March 24, 2010 AT 10:00 pm

Amy Smith, lifesaving design – 24 hours of Lady Ada Lovelace day #ald10

Pt 2735

Each hour we are featuring a woman we admire who is currently doing amazing work right in the tech/maker/art/science space. Woman of the hour, Amy Smith.

Amy Smith is a senior lecturer in the Department of Mechanical Engineering at MIT specializing in engineering design and appropriate technology for developing countries. She founded the D-Lab program at MIT which introduces students to technological, social, and economic problems of the Third World. She teaches the courses SP.721/11.025: D-Lab Development, SP.722/2.722: D-Lab Design, and SP.784: Wheelchair Design in Developing Countries. She has taught in the past 2.72: Elements of Mechanical Design.

Smith encourages women to become engineers although she dislikes being referred to as a woman engineer. “Actually, because my class involves humanitarian engineering, I very rarely have more men than women. There have been times where there have been ten women and one man. This isn’t surprising, given that women often want to see an application to what they’re learning that they feel is worthwhile”, says Smith. “But I’m not involved in any particular projects to encourage women engineers, because I dislike being referred to as a woman engineer. I don’t like programs that single out woman engineers as particular achievers just for being women. I think that it should be coincidental.”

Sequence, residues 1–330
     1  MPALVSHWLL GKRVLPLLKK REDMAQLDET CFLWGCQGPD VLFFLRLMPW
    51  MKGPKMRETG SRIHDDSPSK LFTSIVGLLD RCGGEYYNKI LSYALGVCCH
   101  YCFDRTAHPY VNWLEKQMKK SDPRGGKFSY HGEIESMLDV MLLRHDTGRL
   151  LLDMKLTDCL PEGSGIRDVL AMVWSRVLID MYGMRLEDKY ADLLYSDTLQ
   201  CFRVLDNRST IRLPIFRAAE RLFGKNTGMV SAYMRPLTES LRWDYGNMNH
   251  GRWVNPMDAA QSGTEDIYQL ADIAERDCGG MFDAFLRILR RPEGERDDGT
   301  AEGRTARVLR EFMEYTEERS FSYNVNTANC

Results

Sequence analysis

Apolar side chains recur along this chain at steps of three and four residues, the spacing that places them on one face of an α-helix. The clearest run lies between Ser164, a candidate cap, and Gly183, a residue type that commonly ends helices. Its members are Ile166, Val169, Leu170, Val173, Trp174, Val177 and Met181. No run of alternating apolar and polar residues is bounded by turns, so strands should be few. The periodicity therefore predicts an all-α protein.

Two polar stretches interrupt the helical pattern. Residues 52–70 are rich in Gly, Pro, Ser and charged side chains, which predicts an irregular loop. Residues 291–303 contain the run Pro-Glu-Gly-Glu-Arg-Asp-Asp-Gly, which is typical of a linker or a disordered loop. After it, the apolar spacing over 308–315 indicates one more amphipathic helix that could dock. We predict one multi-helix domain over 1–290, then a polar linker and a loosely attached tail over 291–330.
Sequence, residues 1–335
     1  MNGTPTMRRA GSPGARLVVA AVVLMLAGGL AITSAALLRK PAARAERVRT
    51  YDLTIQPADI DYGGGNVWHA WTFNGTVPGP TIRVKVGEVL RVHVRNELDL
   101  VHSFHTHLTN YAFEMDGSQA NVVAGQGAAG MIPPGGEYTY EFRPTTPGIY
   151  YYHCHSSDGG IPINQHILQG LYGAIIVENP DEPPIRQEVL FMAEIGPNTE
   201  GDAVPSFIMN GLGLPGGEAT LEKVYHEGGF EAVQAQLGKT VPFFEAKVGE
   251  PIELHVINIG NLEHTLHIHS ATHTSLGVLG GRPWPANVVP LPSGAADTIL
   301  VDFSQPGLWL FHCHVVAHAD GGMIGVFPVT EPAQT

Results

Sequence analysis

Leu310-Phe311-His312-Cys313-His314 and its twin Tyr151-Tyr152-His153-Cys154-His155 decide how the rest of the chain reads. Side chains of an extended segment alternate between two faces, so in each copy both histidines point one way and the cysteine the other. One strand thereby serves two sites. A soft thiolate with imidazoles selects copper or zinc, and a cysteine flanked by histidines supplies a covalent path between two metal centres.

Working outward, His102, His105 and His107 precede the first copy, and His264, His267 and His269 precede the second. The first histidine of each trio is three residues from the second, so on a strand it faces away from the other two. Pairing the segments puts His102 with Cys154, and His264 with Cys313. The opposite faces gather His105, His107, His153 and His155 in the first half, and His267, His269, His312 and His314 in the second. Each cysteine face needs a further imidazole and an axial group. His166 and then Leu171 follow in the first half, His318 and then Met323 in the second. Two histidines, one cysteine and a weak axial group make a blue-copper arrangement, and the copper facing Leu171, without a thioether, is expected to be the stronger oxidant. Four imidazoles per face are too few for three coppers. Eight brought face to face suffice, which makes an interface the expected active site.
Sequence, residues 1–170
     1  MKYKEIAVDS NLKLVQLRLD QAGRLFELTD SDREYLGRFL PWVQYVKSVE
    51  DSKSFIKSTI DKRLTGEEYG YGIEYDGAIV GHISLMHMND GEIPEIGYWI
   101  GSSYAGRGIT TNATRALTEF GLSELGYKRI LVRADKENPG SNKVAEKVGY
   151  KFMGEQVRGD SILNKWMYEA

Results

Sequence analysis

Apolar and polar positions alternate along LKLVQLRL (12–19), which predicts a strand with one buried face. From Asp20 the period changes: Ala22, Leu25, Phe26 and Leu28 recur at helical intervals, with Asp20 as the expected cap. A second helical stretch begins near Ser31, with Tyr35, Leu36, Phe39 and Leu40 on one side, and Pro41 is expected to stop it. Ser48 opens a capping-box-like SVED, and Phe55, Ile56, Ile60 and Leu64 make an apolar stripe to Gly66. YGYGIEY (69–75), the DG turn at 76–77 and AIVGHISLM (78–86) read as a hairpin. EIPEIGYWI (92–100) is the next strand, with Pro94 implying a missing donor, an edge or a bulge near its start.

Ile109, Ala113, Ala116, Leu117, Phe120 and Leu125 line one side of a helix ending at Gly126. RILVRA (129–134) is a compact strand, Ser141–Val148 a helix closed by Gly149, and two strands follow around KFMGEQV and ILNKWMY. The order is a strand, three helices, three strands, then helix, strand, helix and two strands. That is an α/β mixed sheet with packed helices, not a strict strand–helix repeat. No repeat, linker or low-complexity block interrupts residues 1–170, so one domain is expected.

Smith’s designs include the screenless hammer mill and the phase-change incubator, and she is also involved with the application of the Malian peanut sheller in Africa. She is also one of the founders of the popular MIT IDEAS Competition.

In 2000 Smith won the Lemelson-MIT Student Prize that honors inventors who are also good role models. Smith is the first woman to win the prize. Amy also won a MacArthur Fellowship.

Amy’s page is here.


About today:

Ada Lovelace Day is an international day of blogging (videologging, podcasting, comic drawing etc.!) to draw attention to the achievements of women in technology and science. Women’s contributions often go unacknowledged, their innovations seldom mentioned, their faces rarely recognized. We want you to tell the world about these unsung heroines, whatever they do. It doesn’t matter how new or old your blog is, what gender you are, what language you blog in, or what you normally blog about – everyone is invited.

Who was Ada? Ada Lovelace Augusta Ada King, Countess of Lovelace (10 December 1815 – 27 November 1852) was one of the world’s first computer programmers, and one of the first people to see computers as more than just a machine for doing sums. She wrote programs for Charles Babbage’s Analytical Engine, a general-purpose computing machine, despite the fact that it was never built. She also wrote the very first description of a computer and of software.


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